Although Vicki and Jonny spend most of their time working together, they are occasionally involved in separate projects. In addition to Vicki’s nyckelharpa workshops, which involve Jonny only in chauffeuring, Vicki has done a stint at the National Theatre, and Jonny is about to do something similar at the Sam Wanamaker Playhouse in October working with Blowzabella’s Paul James. 

The couple’s work inevitably involves a lot of time spent touring, and I wondered whether they’d prefer to spend more of their time at home in Essex. Vicki enjoys touring but bemoans the fact that it makes it difficult for them to practise and work on new material and to keep up with the mountain of admin that piles up when they’re away. Jonny’s answer has a different slant:  “I adore touring, meeting new people, having new conversations, learning new music from new people. It’s what we do - and what we signed up for.  I also love being at home.  In some ways, time at home is all the more special for being rare. Being a bit soppy for a moment, Vicki and I have been together for so long that, in many ways, home is where we are.  I miss home far more when I’m away on my own. My biggest regret is that so often when touring we have a car full of our most prized possessions and so we can drive within feet of somewhere or something amazing, but rarely get to see it for fear of leaving the vehicle unattended.”

So what do they do to relax? Jonny has recently started playing tennis and he’s inherited a nearly-functional clavichord which he plans to restore: a new time-consuming hobby. Vicki enjoys swimming and skiing. She says, “By choice I’d love to do more skiing both cross-country and downhill, but living in England makes that quite tricky. I have also spent quite a lot of time crocheting - mostly hats: 427 of them in all; selling these has enabled me to buy my latest nyckelharpa, which I’ve called Hattie.”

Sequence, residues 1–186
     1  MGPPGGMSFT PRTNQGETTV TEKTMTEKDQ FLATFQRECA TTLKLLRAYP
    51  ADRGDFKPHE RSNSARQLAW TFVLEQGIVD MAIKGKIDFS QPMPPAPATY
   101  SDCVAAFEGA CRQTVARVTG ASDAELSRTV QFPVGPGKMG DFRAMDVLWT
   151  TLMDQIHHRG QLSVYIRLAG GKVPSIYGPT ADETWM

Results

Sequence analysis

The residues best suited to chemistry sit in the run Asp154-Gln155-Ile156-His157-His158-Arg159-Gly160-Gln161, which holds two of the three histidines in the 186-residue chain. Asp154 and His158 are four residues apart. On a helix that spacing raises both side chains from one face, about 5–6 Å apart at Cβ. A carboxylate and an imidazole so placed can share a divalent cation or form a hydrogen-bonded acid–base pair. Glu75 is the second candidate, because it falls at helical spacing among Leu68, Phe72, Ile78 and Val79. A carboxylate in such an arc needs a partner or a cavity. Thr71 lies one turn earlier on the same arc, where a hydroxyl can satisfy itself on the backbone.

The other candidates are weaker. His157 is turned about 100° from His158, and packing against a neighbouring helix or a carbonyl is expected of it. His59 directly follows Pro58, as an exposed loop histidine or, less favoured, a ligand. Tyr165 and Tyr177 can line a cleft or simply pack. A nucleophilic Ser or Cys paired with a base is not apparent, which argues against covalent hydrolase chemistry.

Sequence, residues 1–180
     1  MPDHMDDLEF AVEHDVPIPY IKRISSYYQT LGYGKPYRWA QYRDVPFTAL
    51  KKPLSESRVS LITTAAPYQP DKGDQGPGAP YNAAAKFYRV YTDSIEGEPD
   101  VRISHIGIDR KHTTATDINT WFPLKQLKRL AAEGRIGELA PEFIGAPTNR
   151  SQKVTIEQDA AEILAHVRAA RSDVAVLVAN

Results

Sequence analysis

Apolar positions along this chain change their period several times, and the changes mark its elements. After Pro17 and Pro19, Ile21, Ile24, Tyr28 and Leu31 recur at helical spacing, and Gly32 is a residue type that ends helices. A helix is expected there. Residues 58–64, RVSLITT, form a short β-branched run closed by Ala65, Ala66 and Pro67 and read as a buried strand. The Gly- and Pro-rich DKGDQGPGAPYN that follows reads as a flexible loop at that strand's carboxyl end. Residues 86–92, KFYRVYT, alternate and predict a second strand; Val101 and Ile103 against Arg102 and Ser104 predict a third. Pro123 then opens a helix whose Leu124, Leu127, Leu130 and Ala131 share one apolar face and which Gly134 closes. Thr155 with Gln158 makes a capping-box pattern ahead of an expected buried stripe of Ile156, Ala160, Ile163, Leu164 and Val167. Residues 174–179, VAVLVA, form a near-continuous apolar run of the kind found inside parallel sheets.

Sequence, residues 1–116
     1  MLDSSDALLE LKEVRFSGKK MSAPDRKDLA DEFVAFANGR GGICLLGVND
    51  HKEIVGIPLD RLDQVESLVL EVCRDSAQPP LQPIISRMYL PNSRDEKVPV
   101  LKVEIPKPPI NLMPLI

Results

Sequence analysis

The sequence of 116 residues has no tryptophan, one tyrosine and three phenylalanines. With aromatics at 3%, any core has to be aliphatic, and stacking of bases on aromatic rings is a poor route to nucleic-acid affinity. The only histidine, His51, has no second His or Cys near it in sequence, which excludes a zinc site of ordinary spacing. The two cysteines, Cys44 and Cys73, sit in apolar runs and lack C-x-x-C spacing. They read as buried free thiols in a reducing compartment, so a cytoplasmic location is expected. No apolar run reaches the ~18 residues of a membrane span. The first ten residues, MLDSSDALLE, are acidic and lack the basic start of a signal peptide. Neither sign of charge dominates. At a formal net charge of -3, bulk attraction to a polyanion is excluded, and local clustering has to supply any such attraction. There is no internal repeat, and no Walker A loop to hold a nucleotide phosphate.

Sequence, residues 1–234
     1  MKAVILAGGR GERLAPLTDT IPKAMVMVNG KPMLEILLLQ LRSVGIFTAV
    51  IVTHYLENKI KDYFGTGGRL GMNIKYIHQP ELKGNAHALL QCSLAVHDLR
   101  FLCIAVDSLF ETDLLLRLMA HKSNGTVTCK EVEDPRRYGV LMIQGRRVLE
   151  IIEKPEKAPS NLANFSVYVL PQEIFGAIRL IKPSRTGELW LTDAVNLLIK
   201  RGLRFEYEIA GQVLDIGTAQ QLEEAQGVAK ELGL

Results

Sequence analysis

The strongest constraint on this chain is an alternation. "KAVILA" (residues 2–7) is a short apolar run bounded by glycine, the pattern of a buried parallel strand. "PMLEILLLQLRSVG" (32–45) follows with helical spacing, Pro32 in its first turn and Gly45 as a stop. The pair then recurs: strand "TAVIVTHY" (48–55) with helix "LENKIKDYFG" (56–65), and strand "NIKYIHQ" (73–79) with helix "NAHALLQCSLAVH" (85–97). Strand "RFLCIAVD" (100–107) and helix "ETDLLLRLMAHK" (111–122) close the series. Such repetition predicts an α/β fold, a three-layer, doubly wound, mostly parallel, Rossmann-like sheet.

They are also prolific CD recorders and I asked them to describe the process of making a new recording from concept to production. They describe the process as “organic”, but what does that mean? Jonny explains:  “We try hard not to over-think it. So, we haven’t yet felt the need to create a particular framework for the content of one of our recordings.  We feel that we are changing over time and when a new CD comes out it reflects that musical progression. Similarly, we find that our own tastes are changing quite rapidly, so all our albums will be very different from each other as we develop.  We are constantly creating new live material.  Every couple of years (or so) we bring out a new album which celebrates our favourite live pieces.  We rarely have a whole album of favourites straightaway. Over the years, some of the pieces we’ve recorded that we are most proud of have never been played live, and never will.”

I have seen Vicki and Jonny perform live many times and in my experience, their sets are unpredictable. We’ve all seen artists who repeat the same set list year in and year out.  But Vicki and Jonny’s sets are always a fresh and interesting mix of songs and instrumentals. Do they aim to get an equal balance between songs and tunes? Jonny again: “We tend to have slightly more songs than tunes; for example, a folk club performance will generally have four songs and three tunes in each half.  We tend to start with a tune to settle ourselves.  That makes it sound like we have a plan - but we are very good at changing our minds too.  We learnt a long time ago, having a set list and being prepared to ignore it is the most powerful place to be.  Not having a set list can lead to indecision, unbalance and faffing about. Having a set list and religiously following it means that you cannot react to how an audience is responding to your music.”